Exposure to predators and parasites can be reduced by: covering nest shelters with a screen (deters birds); releasing bees in excluder boxes to avoid re-use of old nests (fungus/mites); removing nest boxes after nesting activity (late-flying parasitoids); black light traps (kills Monodontomerus and other wasp enemies); acaricide and thermal shock treatment during dormant pre-pupa stage (reduces mite numbers); selective trapping of wasp predators (e.g. male Sapyga pumila wasps can be caught at night in 2.5 mm diameter cavities).


One replicated trial in India examined methods of artificially rearing the subtropical leafcutter species Megachile flavipes, a species not commercially managed for pollination (Kapil & Sihag 1985). This species can be stored at the pre-pupal stage for 270 days. It showed least mortality (5-7%) under this treatment if stored at 12°C. Stored at 4°C, the lowest temperature in the study, mortality was 16-20%. The optimum incubation temperature following lower temperature storage was 28.5°C. The bees emerged over a shorter time period if stored at 8°C and incubated at 28.5°C.


A trial with the sunflower leafcutter bee Megachile pugnata in Utah, USA, found that females will nest in drilled wooden nest blocks, preferring holes 15 cm deep (Parker & Frohlich 1985). They can be overwintered from November to June or July at 3°C in the laboratory, and emerge after incubation at 30°C. On release in a sunflower field, female bees of the species were recorded foraging and nesting in the field where they were released (released individuals not marked).

Can populations be augmented by rearing?


A trial with Osmia sanrafaelae, native to the San Rafael Desert, Utah, USA, found that bees were induced to nest in pine wood nest boxes with drilled 9 mm holes inside a 6 ´ 6 ´ 2 m saran cloth cage placed over an alfalfa crop Medicago sativa (Parker 1985). Fifty males and 50 females were introduced to the cage in July, and although mortality in the nests was high (47%) the number of bees surviving to adulthood in the next generation was 4-fold higher than the number originally introduced (exact number not given).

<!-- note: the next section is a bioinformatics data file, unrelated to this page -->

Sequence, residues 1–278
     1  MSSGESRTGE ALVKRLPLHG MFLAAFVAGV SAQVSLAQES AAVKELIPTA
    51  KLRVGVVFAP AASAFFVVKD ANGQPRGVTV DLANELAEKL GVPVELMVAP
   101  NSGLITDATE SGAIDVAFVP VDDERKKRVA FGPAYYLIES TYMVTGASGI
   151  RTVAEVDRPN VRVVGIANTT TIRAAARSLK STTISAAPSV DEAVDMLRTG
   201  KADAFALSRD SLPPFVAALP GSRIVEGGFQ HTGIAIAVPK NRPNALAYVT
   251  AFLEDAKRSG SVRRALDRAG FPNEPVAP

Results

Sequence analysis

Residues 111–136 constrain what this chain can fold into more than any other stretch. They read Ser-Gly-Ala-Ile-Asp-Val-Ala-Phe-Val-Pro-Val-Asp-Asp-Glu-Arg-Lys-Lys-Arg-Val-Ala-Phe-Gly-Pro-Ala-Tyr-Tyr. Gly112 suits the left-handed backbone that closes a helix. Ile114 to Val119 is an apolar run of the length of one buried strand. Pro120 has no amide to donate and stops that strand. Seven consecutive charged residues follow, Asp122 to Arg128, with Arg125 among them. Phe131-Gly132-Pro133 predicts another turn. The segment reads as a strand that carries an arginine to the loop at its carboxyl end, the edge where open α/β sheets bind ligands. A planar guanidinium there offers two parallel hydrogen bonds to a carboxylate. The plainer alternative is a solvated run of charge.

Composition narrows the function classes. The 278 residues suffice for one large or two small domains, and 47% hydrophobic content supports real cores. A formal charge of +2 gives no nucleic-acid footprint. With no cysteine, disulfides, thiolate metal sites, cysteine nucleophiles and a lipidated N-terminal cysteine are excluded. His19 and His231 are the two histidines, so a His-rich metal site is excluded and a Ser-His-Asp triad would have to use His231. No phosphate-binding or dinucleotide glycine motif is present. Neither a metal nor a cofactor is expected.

In a trial at two experimental farms near Poznan, western Poland from 1989 to 1994, the numbers of red mason bees Osmia rufa nesting in bundles of reed stem increased substantially year on year. Each winter, occupied reed stems were collected and healthy bee cocoons (not parasitized) were transferred to refrigerators and kept at 4°C over winter. These were placed out in incubators along with new nest boxes the following spring. At one site, the number of emerging bees increased from an originally introduced 1,453 bees in 1989 to 108,973 in 1994 (a 75-fold increase; Wójtowski et al. 1995). The number of emerging females each year was between 1.3 and 5.7 times the number of females the previous year. Based on these numbers, the density of red mason bees on the farm was estimated to have increased from 1 bee/ha to 1,353 female bees/ha or more over the six years. Bee numbers nesting at the second site followed a similar trajectory, but the experiment was ended after three years.